Kenin into first career semifinal
at Australian Open
Ashley Marshall | January 28, 2020
When Sofia Kenin was starting her journey in tennis, she says there were doubters who told her she would never succeed. Today—even though she is much too polite to ever say it—she has every right to look back at those naysayers and tell them, ‘I told you so.’
The talented 21-year-old American advanced to her first career Grand Slam semifinal Tuesday with a 6-4, 6-4 win over Ons Jabeur on Day 9 of the Australian Open.
“I was just starting off on the WTA Tour,” Kenin (pictured above) reminisced after her quarterfinal win. “I really had to establish myself to show everyone who I am. I think a big part that got me here is my family were there for me.
“It was obviously tough. Like I said, people didn't really believe in me and everything. But [my family] believed in me, especially my dad, since he's been with me through this incredible journey. ADVERTISEMENT I was born in Russia. My parents moved to America so I could have the American dream, so... I was not aware of what happened. They gave me an American dream. I'm proud of it and thankful for them.”
Kenin will meet world No. 1 Ash Barty on Thursday for a spot in the final.
On Tuesday, Kenin weathered the unconventional attack of Jabeur, which contained plenty of slice, unusual angles and frequent forays to the net. It was a different battle to the one Kenin played against big-hitting Coco Gauff one round earlier, but Kenin played within herself and attacked the Jabeur backhand.
Kenin finished with 14 winners and 16 unforced errors compared with Jabeur’s 34 winners and 36 miscues.
The 21-year-old jumped out to a 3-1 lead before Jabeur broke back in the sixth game of the match. The parity lasted not even a game, with Kenin hitting right back and consolidating the break to forge ahead 5-3. Jabeur saved a pair of set points in her very next service game, and she had an opportunity to draw level but the American held firm and sealed the set on her sixth set point.
In the second set, Jabeur saved a break point in the fifth game before Kenin saved three on her own racquet in the next game. The decisive moment came with Jabeur serving at 3-3 when, on her fourth break point of the game, Kenin broke for a third time in the match to establish a lead she would never relinquish.
The Tunisian held at 3-5 to stay in the tournament, but Kenin served it out at her first opportunity to progress to Thursday’s semifinal.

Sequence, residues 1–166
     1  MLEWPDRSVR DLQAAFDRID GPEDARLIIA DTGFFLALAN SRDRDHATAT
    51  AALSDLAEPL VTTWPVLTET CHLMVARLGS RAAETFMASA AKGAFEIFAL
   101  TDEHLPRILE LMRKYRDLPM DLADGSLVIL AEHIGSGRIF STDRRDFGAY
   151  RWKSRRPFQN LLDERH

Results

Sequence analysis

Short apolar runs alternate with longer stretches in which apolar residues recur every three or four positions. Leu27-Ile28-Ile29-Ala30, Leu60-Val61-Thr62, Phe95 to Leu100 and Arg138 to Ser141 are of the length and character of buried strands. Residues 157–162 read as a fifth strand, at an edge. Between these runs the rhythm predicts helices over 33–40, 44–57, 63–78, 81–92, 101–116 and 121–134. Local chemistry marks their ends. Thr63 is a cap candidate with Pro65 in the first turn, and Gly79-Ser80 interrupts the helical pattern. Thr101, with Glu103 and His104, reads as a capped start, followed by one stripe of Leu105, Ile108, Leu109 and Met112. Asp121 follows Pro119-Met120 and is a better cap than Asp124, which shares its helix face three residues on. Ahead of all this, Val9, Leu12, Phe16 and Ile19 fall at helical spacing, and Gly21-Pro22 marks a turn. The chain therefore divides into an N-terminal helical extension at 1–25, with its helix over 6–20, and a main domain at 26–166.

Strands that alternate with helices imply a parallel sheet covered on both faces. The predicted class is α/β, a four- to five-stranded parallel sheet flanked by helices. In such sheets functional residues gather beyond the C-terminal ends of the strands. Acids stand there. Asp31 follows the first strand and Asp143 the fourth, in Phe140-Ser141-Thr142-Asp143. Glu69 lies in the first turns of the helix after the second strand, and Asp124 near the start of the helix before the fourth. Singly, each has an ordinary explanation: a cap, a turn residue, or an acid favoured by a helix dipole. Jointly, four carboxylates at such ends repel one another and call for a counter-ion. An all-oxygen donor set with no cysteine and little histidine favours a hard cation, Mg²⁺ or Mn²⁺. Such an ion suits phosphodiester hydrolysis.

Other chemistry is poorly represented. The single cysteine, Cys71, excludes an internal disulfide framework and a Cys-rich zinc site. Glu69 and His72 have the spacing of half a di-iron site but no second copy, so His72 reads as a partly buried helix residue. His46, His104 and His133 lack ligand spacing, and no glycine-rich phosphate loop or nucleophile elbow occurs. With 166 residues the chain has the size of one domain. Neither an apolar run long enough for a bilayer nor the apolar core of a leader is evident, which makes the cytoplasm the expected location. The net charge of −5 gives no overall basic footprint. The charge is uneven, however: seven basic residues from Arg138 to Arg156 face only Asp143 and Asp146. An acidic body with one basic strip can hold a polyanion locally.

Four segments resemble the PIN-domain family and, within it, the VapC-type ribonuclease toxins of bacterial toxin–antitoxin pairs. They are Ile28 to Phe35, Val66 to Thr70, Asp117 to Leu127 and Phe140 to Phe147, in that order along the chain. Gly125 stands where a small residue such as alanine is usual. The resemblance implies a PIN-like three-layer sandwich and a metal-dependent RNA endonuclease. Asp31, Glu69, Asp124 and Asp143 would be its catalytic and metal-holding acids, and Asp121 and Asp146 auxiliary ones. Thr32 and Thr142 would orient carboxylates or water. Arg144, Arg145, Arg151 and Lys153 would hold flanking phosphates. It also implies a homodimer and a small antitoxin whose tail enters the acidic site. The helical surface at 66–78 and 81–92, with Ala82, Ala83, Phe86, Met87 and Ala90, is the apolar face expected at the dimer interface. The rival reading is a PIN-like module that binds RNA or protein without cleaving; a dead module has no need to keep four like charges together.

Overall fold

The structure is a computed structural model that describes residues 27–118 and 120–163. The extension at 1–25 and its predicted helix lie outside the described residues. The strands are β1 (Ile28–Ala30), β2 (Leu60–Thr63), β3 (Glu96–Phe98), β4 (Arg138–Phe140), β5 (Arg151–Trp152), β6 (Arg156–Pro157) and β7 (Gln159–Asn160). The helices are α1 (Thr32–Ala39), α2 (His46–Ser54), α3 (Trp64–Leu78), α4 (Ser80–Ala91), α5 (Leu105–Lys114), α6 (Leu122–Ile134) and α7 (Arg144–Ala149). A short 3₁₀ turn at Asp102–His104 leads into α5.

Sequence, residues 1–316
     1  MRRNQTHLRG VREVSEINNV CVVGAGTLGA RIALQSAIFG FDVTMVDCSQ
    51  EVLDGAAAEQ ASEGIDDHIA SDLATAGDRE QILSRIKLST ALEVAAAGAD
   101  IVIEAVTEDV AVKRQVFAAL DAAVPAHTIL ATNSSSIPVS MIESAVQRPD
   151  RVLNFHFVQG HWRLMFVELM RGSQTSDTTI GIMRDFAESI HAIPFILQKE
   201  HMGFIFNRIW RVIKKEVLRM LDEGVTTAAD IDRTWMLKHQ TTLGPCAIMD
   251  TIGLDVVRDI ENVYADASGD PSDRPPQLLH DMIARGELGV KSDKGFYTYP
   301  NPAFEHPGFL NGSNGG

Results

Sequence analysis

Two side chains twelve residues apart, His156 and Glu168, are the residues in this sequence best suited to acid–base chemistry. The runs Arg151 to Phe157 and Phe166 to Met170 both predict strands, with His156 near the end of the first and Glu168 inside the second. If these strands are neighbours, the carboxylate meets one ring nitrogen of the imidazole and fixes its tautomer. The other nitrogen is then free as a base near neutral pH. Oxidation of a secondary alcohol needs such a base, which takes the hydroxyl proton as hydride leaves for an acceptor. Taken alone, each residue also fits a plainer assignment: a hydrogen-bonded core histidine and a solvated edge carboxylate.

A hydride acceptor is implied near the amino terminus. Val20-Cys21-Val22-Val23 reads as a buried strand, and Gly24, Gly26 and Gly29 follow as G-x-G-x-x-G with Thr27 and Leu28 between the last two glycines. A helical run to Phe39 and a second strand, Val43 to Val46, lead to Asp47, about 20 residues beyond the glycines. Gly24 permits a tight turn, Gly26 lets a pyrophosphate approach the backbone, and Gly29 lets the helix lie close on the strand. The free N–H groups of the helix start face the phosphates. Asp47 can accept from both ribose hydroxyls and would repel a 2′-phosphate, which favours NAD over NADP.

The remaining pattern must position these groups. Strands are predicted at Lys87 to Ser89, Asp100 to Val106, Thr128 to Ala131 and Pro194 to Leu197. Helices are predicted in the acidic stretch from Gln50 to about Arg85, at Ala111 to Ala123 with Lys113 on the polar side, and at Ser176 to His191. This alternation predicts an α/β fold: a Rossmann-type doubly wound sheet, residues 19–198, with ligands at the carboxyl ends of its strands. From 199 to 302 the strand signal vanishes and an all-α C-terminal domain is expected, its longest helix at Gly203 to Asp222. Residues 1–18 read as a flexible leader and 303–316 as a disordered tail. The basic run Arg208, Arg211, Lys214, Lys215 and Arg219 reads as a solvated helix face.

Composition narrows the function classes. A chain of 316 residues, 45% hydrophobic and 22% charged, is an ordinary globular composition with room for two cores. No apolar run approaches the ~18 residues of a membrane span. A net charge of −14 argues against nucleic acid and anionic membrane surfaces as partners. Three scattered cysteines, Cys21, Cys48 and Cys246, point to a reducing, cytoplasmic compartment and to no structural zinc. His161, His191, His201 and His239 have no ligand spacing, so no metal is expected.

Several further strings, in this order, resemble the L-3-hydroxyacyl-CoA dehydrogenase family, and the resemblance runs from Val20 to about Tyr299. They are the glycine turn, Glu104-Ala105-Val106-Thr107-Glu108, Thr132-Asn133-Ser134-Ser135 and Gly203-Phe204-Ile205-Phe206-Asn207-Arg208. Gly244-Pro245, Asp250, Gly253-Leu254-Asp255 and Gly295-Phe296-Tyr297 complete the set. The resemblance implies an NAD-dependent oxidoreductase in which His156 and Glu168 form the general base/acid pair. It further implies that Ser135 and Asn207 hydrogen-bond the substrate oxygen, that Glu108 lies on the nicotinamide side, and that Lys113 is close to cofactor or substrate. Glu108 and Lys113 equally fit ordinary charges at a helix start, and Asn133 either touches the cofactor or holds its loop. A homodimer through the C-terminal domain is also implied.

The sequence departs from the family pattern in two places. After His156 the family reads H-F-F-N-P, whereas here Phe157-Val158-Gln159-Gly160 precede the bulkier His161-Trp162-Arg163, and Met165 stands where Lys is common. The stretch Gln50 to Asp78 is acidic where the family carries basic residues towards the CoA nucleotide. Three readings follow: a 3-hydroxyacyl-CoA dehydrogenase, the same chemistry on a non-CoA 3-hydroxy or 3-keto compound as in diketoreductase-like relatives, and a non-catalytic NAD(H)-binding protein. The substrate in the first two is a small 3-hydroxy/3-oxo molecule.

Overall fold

With her win, an American woman has advanced to the semifinal in 20 of the past 22 majors.
“It feels really good. I'm super excited for it,” Kenin said. “I think overall I played really good. I tried to handle the nerves. Obviously nerves coming into this match. I think I did a really good job handling myself.
“I played [Barty] a few times, know her game pretty well. It's going to be a good match. I'm excited. Of course, she's playing at her home, so it's a little bit different. I made a lot of new fans. Hopefully I'll get some support, have a good match. … I don't think I've played anyone big in their home crowd. It's going to be a different atmosphere obviously. But it's exciting. I'm really looking forward to it.”
On the men’s side, the last U.S. man standing, Tennys Sandgren, fell agonizingly short of a place in the semifinals. He was unable to convert any of the seven match points he earned in a thrilling contest with 20-time Grand Slam men’s singles champion Roger Federer.
“I played pretty good,” Sandgren said. “I thought I could have played better. Yeah, wasn't surprised. Obviously he played them well. I could have played them better.
“I've run through them a bunch of times. He was aggressive on one, passive on a few, came in on one, could have put the volley in a different spot. He read it well, hit two good passes. Put me in an awkward spot on the last one I had. Missed the approach. He probably would have passed me anyway. It was in a bad spot. Yeah, you know, all credit to him for sure.”
Added Federer: “I feel a bit bad in a way because I didn't feel like he did anything really wrong. It's just luck at some point. I've been on the other side, as well. These ones just sting, and they hurt. I don't know. If you could obviously play them again, would you play them differently? But I could have blinked at the wrong time and shanked. That would have been it. I was incredibly lucky today.”
Elsewhere on Day 9, Bethanie Mattek-Sands and Britain;s Jamie Murray advanced to the third round of the mixed doubles, and Rajeev Ram and Joe Salisbury progressed to the semifinals of the men’s doubles.
Coco Gauff and Caty McNally lost to No. 2 seed Timea Babos and Kristina Mladenovic in the quarterfinals of the women’s doubles, 6-2, 6-4.
Action also continued in the junior competitions, with No. 2 boys’ seed Martin Damm and second-seeded girl Robin Montgomery each advancing.